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As is explicitly stipulated in Article 7 of the Enforcement Rules of the Special Education Act as amended in 1998, "in principle, children with disabilities should be integrated with normal children for preschool education". Since then, all cities and counties have been committed to promoting preschool inclusive education. The Education Department, New Taipei City Government, has been actively recruiting advisory groups of professors to assist in the implementation of inclusive education in preschools since 2001. Since 2011, the author of this study has been guiding Preschool Rainbow to implement inclusive education. Through field observations, meetings, and teaching demonstration seminars, this study explored the process of how inclusive education has been successfully implemented in collaboration with teachers of special education classes and regular classes in Preschool Rainbow. The implementation phases for inclusive education in a single academic year include the following: 1) Preparatory stage. Prior to implementation, teachers in special education and regular classes discuss ways of conducting inclusive education and organize reading clubs to read books related to curriculum modifications that integrate the eight education strategies, early treatment and education, and early childhood education programs to enhance their capacity to implement and compose teaching plans for inclusive education. In addition to the general objectives of inclusive education, the objective of inclusive education for special children is also embedded into the Individualized Education Program (IEP). 2) Implementation stage. Initially, a promotional program for special education is implemented for the children to allow all the children in the preschool to understand their own special qualities and those of special children. After the implementation of three weeks of reverse inclusion, the children in the special education classes are put into groups and enter the regular classes twice a week to implement adjustments to their inclusion in the learning area and the curriculum. In 2013, further cooperation was carried out with adjacent hospitals to perform development screening activities for the early detection of children with developmental delays. 3) Review and reflection stage. After the implementation of inclusive education, all teachers in the preschool are divided into two groups to record their teaching plans and the lessons learned during implementation. The effectiveness of implementing the objective of inclusive education is also reviewed. With the collaboration of all teachers, in 2015, Preschool Rainbow won New Taipei City’s “Preschool Light” award as an exceptional model for inclusive education. Its model of implementing inclusive education can be used as a reference for other preschools.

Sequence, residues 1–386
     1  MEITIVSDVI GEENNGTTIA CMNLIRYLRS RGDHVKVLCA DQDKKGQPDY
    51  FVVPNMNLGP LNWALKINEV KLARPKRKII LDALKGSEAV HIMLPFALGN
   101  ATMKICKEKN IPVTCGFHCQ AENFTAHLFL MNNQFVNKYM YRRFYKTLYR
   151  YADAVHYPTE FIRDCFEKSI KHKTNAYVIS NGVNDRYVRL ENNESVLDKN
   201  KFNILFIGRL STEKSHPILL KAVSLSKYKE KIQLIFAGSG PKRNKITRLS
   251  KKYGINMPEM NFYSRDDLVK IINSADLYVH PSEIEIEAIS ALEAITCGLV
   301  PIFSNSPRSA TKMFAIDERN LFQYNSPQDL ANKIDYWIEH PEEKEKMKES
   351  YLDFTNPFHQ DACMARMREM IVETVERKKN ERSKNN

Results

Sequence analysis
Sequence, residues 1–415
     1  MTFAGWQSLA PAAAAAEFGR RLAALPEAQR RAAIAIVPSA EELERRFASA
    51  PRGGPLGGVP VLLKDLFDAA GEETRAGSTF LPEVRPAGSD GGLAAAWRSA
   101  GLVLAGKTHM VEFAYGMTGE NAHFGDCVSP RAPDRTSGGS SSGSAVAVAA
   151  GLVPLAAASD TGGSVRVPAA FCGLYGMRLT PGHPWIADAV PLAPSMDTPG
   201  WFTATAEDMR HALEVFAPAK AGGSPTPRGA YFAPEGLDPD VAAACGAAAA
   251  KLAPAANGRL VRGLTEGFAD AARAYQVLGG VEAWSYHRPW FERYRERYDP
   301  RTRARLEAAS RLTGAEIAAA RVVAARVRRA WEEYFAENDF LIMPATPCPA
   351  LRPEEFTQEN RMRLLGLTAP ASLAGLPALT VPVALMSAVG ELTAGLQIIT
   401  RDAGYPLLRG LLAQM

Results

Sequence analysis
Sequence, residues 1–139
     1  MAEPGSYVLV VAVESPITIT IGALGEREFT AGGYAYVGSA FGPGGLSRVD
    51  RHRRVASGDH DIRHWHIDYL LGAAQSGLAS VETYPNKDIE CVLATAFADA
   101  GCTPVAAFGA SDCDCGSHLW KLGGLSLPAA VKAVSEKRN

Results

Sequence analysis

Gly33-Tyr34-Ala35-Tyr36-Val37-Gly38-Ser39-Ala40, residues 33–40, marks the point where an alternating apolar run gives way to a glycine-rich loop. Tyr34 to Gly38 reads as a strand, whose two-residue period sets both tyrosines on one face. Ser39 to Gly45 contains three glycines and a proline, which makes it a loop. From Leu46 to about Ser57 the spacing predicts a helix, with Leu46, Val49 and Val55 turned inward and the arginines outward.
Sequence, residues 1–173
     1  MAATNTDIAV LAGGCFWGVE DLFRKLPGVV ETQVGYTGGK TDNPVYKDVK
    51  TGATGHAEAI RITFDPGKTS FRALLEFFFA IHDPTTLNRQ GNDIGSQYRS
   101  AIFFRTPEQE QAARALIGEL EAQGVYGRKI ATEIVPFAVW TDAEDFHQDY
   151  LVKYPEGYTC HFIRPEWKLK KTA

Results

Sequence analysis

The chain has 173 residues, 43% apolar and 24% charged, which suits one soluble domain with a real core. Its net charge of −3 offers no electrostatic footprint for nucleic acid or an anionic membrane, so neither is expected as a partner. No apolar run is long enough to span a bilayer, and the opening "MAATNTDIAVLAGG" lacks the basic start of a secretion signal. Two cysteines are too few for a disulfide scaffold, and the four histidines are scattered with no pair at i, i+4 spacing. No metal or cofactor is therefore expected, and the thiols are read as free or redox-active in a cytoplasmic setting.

Keywords: Collaboration, Teachers, Inclusive Education, preschool, special education classes, regular classes

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37 Homosexuality and Inclusion: Experiences of Learners and Teachers within South African School's Contex

Authors: Tsediso Makoelle

Abstract:

South Africa like in other parts of the world has acknowledged the prevalence of the phenomenon of homosexuality in the society. Due to the number of homosexuality cases in the South African society, questions have been asked about the impact of homosexuality in schools and how teachers and learners deal with homosexuality within the context of an emerging inclusive education system. This qualitative study analysis the experiences of teachers and learners in selected secondary schools in relation to prevalence of transgender in schools. Interviews were conducted with principals, teachers and focus group of learners in schools were cases homosexuality have been reported. Data was analysed using an inductive analysis framework. Among the findings was that homosexuality is still viewed as a taboo in Black-African dominated school communities and that the need to create all-embracing and inclusive environment was evident. The study suggests a needs to open communications in communities about homosexuality in order to develop an all-inclusive environment for all learners regardless of their sexual orientation.

Keywords: Sexual Orientation, Inclusive Education, Homosexuality, Transgender

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36 Learning from Inclusive Education of Exceptional and Normal Children in Primary School for Architectural Design

Authors: T. Pastraporn, J. Panida, P. Gasamapong, N. Jintana